Sophos' Windows 7 Infection Test

Chester Wisniewski, senior security adviser for Sophos Canada, Nov. 3 published on his blog a rather damning account of Windows 7 security and User Account Control. In his examination, he found that seven out of 10 malware samples tested were able to successfully run on a fresh Windows 7 installation employing the new, quieter UAC that is the default in the new operating system. Ugly. Not a surprise, but ugly. Also, it's not a test designed to be passed. In essence, the default setting for UAC in Windows 7 is, "Don't notify me when I make changes to Windows settings." So when Wisniewski downloaded malware samples onto the PC and ran them--simulating a user intentionally downloading and running a file obtained via e-mail or the Web--he was purposefully making changes to Windows settings, so UAC did not prompt him. The system acted as it was told to do, so it should come as no surprise that UAC did not block the malware installation. The shortcomings in Windows' 7 UAC design have been apparent for quite some time. In my August review of the RTM of Windows 7, I postulated that "the new settings--including the new default--serve to worsen the security protections UAC affords," a theory that seems to be borne out by this study. Basically, with Windows 7's UAC, Microsoft decided to step back from trying to save users from their own mistakes--leaving that role primarily to third-party security solutions. Indeed, Wisniewski comes to the same conclusion, that, "You still need to run antivirus on Windows 7." Leaving that argument aside, what Microsoft should be doing is figuring out ways to change the way people compute. That default UAC setting is only the default setting for users who are part of the Administrators group. Users that only have standard User privileges instead, by default, get the strongest option--to be notified when the user or programs make changes. And since the standard user doesn't have rights to automatically elevate their tokens in order to make the change anyway, they would have to enter over-the-shoulder administrator credentials to make the change. Certainly, I like to see security companies--or even Microsoft--publish the results of similar tests, focused on systems operated in a more secure manner. Malware running on an unprotected system with admin privileges is not news, while malware that runs and stays resident without admin rights certainly would be.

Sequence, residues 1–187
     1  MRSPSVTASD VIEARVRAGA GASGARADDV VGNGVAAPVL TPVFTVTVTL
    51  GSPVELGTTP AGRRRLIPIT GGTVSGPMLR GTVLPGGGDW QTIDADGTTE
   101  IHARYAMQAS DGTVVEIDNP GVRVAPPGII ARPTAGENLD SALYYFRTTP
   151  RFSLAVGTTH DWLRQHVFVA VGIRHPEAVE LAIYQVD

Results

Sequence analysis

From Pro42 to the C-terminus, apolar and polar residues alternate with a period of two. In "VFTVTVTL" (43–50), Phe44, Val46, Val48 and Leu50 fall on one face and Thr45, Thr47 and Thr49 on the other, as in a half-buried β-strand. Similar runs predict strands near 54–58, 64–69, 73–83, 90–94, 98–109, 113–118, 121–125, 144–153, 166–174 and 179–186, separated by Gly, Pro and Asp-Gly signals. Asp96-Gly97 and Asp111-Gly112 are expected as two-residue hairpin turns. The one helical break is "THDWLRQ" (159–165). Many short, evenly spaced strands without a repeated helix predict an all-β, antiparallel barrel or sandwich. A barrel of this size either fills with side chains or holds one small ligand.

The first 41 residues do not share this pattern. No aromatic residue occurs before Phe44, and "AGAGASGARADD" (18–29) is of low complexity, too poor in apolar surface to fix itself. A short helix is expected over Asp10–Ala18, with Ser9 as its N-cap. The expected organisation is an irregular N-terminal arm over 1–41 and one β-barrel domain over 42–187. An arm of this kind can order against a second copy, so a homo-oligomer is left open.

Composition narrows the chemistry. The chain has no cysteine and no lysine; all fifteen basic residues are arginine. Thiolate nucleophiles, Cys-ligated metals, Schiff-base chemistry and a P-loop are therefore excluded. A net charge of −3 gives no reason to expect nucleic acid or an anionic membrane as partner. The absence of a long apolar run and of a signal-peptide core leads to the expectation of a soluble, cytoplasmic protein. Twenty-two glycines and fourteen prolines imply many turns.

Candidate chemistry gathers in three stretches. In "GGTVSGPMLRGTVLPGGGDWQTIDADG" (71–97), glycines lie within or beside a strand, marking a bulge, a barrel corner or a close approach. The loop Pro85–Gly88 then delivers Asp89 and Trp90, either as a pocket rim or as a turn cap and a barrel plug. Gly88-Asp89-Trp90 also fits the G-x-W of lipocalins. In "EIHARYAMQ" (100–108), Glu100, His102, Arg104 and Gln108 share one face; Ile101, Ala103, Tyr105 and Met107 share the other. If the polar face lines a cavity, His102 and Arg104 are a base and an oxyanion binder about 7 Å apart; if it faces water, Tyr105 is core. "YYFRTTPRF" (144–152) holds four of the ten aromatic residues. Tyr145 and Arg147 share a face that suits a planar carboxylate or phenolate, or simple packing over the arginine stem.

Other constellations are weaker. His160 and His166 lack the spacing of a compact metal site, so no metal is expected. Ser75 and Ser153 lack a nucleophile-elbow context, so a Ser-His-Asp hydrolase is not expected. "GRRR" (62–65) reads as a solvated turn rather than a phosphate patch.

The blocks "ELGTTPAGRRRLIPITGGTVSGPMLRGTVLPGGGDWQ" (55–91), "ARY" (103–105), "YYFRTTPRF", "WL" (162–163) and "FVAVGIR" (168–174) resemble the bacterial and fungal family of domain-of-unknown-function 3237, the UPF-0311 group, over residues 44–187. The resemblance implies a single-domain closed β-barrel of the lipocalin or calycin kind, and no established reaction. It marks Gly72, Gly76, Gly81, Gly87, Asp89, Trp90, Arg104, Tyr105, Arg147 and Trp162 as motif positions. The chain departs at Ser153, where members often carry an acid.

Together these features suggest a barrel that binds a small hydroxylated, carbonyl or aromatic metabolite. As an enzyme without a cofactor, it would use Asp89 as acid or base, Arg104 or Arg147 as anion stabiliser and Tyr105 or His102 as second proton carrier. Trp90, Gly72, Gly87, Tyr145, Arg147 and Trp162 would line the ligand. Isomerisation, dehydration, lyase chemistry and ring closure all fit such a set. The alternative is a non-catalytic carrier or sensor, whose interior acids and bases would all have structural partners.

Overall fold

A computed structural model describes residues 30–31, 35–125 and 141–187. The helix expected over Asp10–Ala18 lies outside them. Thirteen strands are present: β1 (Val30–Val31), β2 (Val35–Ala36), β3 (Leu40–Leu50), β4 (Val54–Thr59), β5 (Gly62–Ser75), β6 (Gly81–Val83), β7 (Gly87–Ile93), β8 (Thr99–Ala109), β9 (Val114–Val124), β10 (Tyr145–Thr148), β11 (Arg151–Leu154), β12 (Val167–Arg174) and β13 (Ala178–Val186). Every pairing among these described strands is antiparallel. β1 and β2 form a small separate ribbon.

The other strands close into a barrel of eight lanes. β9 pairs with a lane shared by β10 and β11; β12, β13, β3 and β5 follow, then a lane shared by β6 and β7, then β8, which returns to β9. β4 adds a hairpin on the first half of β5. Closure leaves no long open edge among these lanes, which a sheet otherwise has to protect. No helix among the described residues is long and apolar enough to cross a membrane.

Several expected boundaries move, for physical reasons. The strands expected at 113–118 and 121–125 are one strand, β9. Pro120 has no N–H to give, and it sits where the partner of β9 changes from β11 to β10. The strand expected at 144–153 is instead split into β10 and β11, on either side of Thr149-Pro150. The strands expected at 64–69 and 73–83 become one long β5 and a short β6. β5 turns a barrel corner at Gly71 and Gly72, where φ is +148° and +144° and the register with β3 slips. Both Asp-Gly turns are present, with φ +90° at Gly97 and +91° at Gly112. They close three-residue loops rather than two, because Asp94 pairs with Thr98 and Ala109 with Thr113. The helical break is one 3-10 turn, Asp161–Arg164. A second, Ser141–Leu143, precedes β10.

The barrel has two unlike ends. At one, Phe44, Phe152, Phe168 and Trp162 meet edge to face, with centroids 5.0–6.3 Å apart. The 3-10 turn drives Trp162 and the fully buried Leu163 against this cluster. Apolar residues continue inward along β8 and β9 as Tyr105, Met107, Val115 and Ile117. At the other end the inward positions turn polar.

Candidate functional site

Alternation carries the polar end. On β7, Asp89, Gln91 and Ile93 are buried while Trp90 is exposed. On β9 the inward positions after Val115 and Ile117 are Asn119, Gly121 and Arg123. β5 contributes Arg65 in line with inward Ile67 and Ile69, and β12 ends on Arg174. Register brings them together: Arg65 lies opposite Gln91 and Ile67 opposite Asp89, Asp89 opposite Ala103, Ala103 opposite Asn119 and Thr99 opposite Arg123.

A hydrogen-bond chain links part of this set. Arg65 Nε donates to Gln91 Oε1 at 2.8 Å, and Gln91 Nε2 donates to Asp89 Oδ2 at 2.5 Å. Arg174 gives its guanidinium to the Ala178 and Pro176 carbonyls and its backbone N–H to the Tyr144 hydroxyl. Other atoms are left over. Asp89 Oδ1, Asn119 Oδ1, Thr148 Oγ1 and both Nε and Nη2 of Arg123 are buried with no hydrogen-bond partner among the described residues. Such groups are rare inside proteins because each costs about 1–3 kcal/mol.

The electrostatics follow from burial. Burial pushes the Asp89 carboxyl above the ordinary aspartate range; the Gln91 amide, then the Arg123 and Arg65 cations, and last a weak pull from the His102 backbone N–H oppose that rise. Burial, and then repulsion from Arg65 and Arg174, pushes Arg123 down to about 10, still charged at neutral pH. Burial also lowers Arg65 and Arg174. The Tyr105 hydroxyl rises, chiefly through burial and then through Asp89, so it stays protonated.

Chester Wisniewski, senior security adviser for Sophos Canada, Nov. 3 published on his blog a rather damning account of Windows 7 security and User Account Control.

In his examination, he found that seven out of 10 malware samples tested were able to successfully run on a fresh Windows 7 installation employing the new, quieter UAC that is the default in the new operating system.

Ugly. Not a surprise, but ugly. Also, it's not a test designed to be passed.

uac admin.png

In essence, the default setting for UAC in Windows 7 is, "Don't notify me when I make changes to Windows settings." So when Wisniewski downloaded malware samples onto the PC and ran them--simulating a user intentionally downloading and running a file obtained via e-mail or the Web--he was purposefully making changes to Windows settings, so UAC did not prompt him. The system acted as it was told to do, so it should come as no surprise that UAC did not block the malware installation.

The shortcomings in Windows' 7 UAC design have been apparent for quite some time. In my August review of the RTM of Windows 7, I postulated that "the new settings--including the new default--serve to worsen the security protections UAC affords," a theory that seems to be borne out by this study. Basically, with Windows 7's UAC, Microsoft decided to step back from trying to save users from their own mistakes--leaving that role primarily to third-party security solutions.

Indeed, Wisniewski comes to the same conclusion, that, "You still need to run antivirus on Windows 7."

Leaving that argument aside, what Microsoft should be doing is figuring out ways to change the way people compute. That default UAC setting is only the default setting for users who are part of the Administrators group. Users that only have standard User privileges instead, by default, get the strongest option--to be notified when the user or programs make changes. And since the standard user doesn't have rights to automatically elevate their tokens in order to make the change anyway, they would have to enter over-the-shoulder administrator credentials to make the change.

uac user.png

Certainly, I like to see security companies--or even Microsoft--publish the results of similar tests, focused on systems operated in a more secure manner. Malware running on an unprotected system with admin privileges is not news, while malware that runs and stays resident without admin rights certainly would be.

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